TOKYO, Japan - The Japanese Finance Ministry's proposal to restrict international investors in their equity investments in Japan, has come under fire.
Goldman Sachs says the plan will undermine 7 years of market reforms and limit the capacity of Japanese companies to entice foreign investors when raising capital.
The Finance Ministry in a statement last week said it wanted international investors to give prior notice about their intentions to pick up more than 1% of shares in a listed entity that is perceived to be connected to national security. There is a similar limitation in place currently however the threshold is 10%.
A bill has been approved by the ruling Liberal Democratic Party however it has to be approved by cabinet before being put forward to both houses of the Diet to legislate the proposed law.
If the bill becomes law Goldman says the measures will be implemented in the fiscal year commencing in April 2020.
"The implementation of the new regulation as currently proposed could have a substantial negative impact on the Japanese stock market," Goldman strategists including Kathy Matsui, Vice Chair of Goldman Sachs Japan said a note circulated earlier this week. "There is a risk that the new regulations could deter foreign investor participation, causing a decline in market liquidity."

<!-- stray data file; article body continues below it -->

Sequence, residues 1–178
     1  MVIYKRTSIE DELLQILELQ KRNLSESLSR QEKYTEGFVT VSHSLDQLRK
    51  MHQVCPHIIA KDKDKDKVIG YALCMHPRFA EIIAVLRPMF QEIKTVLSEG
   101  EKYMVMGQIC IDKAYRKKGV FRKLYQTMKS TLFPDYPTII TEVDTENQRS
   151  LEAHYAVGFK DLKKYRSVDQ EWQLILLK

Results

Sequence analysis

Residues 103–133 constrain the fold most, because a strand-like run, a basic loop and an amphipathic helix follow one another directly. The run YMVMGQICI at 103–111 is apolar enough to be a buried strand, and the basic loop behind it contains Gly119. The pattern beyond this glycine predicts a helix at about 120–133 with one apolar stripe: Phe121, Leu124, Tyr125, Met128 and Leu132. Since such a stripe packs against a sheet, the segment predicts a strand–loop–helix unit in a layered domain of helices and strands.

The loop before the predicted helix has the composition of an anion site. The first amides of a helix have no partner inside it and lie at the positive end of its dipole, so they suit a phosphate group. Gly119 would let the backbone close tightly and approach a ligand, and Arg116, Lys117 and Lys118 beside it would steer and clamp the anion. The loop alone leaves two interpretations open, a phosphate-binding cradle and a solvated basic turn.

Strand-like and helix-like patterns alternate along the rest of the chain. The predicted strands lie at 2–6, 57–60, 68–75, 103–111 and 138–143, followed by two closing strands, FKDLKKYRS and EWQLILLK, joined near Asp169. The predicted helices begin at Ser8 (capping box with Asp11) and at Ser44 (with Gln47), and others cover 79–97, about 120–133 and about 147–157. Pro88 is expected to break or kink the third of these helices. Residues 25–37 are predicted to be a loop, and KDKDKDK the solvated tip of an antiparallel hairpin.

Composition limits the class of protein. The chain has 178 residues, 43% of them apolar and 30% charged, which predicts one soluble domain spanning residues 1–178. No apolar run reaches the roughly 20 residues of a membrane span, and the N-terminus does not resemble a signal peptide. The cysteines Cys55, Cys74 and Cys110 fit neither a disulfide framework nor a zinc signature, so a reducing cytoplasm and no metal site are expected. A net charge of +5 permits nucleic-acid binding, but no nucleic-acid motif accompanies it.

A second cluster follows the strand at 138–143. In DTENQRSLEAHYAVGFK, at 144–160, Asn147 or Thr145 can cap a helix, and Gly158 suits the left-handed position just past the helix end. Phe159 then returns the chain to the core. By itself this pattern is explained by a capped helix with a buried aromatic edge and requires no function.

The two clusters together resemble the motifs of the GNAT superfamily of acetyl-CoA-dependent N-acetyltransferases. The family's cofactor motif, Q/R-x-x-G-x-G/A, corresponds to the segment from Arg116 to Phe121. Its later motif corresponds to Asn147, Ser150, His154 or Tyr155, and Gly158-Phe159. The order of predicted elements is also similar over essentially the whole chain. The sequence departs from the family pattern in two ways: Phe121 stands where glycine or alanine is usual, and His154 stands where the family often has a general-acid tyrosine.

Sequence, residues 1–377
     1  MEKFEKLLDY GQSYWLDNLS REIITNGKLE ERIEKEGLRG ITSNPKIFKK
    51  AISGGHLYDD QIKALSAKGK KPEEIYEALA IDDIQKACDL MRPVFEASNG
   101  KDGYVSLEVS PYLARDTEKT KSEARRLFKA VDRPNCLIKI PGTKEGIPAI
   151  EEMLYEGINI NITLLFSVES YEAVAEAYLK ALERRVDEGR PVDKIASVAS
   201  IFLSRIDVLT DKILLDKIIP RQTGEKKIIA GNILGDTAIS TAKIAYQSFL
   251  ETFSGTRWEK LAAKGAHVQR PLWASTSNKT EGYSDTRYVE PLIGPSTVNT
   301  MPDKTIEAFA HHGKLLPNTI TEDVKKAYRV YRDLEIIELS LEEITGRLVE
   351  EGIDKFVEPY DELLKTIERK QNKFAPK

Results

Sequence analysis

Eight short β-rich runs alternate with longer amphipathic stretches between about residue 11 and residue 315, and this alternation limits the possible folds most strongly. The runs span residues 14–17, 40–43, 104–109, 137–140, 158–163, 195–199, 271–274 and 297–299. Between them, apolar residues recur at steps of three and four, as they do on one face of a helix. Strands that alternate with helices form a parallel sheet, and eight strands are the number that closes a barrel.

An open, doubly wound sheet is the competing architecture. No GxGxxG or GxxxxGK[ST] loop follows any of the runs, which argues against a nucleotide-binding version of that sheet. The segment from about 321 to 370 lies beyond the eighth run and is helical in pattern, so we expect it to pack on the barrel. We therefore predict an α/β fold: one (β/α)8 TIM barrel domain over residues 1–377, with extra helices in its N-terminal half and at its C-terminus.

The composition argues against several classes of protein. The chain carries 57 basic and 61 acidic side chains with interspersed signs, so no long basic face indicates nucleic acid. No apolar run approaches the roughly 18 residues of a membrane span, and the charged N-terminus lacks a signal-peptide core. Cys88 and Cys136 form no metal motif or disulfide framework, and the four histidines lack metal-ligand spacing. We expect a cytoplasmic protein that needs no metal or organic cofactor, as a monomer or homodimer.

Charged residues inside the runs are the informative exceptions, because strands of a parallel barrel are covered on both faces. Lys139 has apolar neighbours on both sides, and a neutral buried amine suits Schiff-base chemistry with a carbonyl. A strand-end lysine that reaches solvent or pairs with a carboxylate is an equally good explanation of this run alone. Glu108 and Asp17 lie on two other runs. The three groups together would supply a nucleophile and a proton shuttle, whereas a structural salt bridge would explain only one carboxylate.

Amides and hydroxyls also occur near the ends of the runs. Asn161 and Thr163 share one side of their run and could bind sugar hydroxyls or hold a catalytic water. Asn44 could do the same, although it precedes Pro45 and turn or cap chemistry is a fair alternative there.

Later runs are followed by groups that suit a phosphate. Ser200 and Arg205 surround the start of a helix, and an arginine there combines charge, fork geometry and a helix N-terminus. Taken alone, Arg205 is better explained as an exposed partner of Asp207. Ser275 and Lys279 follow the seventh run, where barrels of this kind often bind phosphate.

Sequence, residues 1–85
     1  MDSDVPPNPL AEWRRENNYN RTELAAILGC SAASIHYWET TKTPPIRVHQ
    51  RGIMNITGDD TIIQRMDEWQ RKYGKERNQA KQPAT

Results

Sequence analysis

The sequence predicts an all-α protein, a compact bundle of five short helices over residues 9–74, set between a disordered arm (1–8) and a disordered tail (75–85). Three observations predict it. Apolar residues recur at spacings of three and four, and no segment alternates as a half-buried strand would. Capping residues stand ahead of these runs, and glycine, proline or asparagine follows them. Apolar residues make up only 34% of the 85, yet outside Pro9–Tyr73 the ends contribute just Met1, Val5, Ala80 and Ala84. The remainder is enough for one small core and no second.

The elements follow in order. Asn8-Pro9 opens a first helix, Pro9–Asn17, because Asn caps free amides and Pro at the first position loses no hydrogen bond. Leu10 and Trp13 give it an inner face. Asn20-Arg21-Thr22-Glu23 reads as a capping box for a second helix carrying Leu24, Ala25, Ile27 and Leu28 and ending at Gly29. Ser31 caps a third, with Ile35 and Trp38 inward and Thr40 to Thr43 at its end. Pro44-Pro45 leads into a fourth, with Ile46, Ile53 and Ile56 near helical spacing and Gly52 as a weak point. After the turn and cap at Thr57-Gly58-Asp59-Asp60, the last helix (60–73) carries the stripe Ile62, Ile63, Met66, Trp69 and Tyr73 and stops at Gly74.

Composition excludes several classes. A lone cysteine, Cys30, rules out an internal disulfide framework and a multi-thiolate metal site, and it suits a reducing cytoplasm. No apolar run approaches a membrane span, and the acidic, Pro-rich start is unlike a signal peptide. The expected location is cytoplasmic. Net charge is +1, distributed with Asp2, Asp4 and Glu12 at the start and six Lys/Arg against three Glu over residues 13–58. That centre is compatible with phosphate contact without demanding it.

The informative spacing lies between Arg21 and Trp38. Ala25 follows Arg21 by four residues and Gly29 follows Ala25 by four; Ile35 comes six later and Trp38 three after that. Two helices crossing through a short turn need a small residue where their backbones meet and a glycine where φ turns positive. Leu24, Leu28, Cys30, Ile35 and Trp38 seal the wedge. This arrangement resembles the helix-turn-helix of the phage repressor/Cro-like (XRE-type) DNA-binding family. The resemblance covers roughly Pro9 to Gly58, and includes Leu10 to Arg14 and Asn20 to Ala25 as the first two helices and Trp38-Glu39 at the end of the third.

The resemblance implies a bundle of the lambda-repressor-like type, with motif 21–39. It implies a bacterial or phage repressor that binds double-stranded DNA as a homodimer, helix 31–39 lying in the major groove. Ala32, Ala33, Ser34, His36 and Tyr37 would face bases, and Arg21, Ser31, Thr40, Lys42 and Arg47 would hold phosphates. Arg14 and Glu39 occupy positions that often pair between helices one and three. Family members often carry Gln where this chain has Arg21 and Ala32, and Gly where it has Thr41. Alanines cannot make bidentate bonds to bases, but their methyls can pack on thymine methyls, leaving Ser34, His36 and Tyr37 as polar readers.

"The most critical issue in our view will be what exemptions are ultimately made," according to Goldman. While portfolio investments will not be subject to the stricter rules, the exact definition of what would fall into that category "remains unclear," the Goldman Sachs analysts said.
"There is a significant risk that Japan's inward FDI could decline. Not only would this impede firms' ability to raise capital, but this could also undermine seven years of positive momentum in market reforms."
(Pictured: Finance Ministry in Japan. Credit: Wikipedia).